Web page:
Josh Jackson:
And I think we’re getting better at cognition, at developing computers to cognitively process the information and turn it into knowledge, but we’re really good at the next step of pattern recognition. So whatever knowledge is there, and a lot of times that’s where the input is, then the computer can make these models to then put them in output, and we say, “This is the understanding.” The really hard part is this inference. Taking the understanding of what output is and then creating that intelligent piece.

Josh Jackson:
So in terms of cognition, we still have a really hard time developing the computers to take that information and knowledge and then from the understanding to the intelligence, we have a really hard … Computers aren’t there for making that inference. So there’s a long way to go.

Jordi Torras:
There’s a long way to go and there’s also a long road already traveled. At the end of the day, the whole thing of natural language processing started in the ’60s and it was government-led funding, and the interest back then was to be able to translate, to massively translate, Russian into English. That was the whole thing because, hey, Cold War. So that was the national interest at that time. And the whole investments there were, basically, to be able to do that until somebody said, “Hey, it is impossible to translate without understanding.” And that was like a big backslash.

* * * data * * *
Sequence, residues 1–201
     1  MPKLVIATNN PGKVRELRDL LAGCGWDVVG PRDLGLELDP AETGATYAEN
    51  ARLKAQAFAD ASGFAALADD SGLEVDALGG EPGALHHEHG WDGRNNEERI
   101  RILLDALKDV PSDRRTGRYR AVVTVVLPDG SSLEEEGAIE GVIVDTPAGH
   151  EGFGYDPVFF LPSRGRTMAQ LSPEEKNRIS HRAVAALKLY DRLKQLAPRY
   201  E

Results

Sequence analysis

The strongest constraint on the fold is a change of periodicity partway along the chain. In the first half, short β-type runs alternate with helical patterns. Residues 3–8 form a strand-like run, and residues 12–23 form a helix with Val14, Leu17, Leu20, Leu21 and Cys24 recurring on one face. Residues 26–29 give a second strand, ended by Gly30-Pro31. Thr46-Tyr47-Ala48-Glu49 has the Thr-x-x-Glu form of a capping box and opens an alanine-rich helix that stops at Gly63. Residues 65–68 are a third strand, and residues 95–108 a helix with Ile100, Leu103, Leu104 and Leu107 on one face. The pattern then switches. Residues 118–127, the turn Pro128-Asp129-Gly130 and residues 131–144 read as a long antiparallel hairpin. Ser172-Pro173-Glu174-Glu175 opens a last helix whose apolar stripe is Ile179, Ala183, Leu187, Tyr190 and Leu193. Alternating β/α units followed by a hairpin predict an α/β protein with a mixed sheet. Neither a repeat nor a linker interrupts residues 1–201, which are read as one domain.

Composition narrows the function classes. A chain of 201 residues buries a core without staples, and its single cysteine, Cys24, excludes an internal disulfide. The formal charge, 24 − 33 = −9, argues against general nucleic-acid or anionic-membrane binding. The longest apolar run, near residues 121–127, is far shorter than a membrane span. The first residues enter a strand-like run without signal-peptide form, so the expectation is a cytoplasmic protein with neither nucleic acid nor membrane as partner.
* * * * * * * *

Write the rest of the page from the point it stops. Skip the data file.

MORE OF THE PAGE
Jordi Torras:
But nowadays, there are pretty good translating tools out there we’re using all the time, especially if the domain is known and they work. I’m not sure if Google Translate actually understands what I’m saying, but translations are mostly all good enough, I would say. So I think that the whole purpose of artificial intelligence is making sure that it can do what humans can do only good enough so it takes boring stuff out of our plates, and we can work on other more interesting things.

Josh Jackson:
Yeah. I mean, I think that’s a great point. One thing, side note, is that I love that you brought history into it because the more you get into it, the more history you start to see come out and you get deeper into the history. And I’ll say from a social intelligence standpoint and going through this processing, the cognition piece, I really started digging into the social intelligence of the British rule in India in 1870. So even when you go that far back, you start to see how you have all this information, but it’s all coming at you in a decent centralized form, and now you have to start making this pattern recognition. Well, they were doing it then.